States in the West share power with each other, with California in particular importing a significant amount of its electricity from Arizona, Nevada and the Pacific Northwest. Last summer’s heat wave fell hard across several states simultaneously, driving up demand throughout the region and leaving less power for California to import. One of the few mercies of the current wave is that it isn’t quite as widespread, 专家说.

“This has been a vast heat wave but the intensity has varied across the West,” Mr Williams said. “When everybody goes through a heat wave, nobody has anything to share. Last August was a wake-up call that you can’t always rely on the West having excess energy flowing around.”

问: Is the grid better prepared than it was last year?

一种: After last summer’s outages, officials took a number of steps to avoid a repeat. They delayed the decommissioning of some gas-fired power plants to squeeze out more generation. Utilities started installing more batteries for backup during peak load in the evenings when solar generation wanes. Officials have also proposed changes to market rules to prevent electricity from being exported when demand is high.

“More blackouts are not an inevitability,” said Steven Weissman, an energy law expert and lecturer at Berkeley’s Goldman School of Public Policy. “There were improvements made. The question is: Were those improvements enough? It’s very difficult to predict the answer to that question.”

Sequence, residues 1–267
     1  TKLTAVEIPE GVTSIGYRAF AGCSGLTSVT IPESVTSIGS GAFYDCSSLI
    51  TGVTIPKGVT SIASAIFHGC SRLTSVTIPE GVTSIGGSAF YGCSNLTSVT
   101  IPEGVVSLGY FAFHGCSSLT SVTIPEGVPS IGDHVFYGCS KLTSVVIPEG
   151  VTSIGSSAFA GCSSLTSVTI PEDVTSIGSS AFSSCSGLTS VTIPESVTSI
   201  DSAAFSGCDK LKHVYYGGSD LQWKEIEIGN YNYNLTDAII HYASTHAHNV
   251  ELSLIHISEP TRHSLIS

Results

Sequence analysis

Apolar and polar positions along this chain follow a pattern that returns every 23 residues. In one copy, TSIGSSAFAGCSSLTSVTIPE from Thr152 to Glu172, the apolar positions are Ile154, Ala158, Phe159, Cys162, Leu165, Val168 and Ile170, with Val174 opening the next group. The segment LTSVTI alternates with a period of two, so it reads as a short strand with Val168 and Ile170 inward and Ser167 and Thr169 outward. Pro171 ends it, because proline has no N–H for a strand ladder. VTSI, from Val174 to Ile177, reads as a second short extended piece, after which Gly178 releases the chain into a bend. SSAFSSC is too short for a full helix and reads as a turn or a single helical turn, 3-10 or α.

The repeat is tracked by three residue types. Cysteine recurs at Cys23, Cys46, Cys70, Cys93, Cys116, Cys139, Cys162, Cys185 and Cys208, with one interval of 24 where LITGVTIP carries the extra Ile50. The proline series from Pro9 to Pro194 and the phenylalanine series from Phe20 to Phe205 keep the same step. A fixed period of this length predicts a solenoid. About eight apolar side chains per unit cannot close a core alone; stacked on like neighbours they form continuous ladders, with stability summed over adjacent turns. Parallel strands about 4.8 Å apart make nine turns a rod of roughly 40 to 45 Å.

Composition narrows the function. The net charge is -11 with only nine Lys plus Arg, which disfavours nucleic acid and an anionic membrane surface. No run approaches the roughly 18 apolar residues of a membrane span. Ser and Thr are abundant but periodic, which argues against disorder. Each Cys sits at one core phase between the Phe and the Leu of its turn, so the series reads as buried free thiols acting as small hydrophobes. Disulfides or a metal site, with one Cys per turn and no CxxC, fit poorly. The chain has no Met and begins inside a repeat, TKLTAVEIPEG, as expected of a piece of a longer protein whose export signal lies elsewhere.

In a May report, California ISO officials said they expected energy supply conditions to be better in 2021 than last year, but cautioned that they continued “to see potential challenges in meeting demand during extreme heat waves.” The report said the operator remained “guardedly optimistic regarding its operations this summer given the measures already taken.”

问: How could this year’s 干旱 affect power availability?

一种: California’s deepening drought leaves the state vulnerable to grid disruptions.

The state relies heavily on hydroelectric power both produced in the state and imported from the Northwest. But reservoirs are drying up, with water levels falling so low in Lake Oroville that officials are weighing whether to idle the area’s hydropower plant for the first time ever.

“A second year of significantly lower than normal hydro conditions, virtually unchanged forecasted load levels under normal conditions, and increased possibility of extreme weather events indicate the ISO may still face challenges in meeting load this summer,” the California ISO noted in its report last month.

In wet years, hydroelectric power is a highly flexible resource, available to supplement other power sources when demand is high. A prolonged reduction in hydroelectric power makes it harder to deal with those surges.

“You can pick when you use ityou can save the water behind the dam and use that potential energy during the very worst times,” said Mr Williams. “But you don’t know quite when the worst time is going to be.”

“A dry year means less water behind the dam,” Mr Williams added, “and you have fewer bad days when you get to use that water.”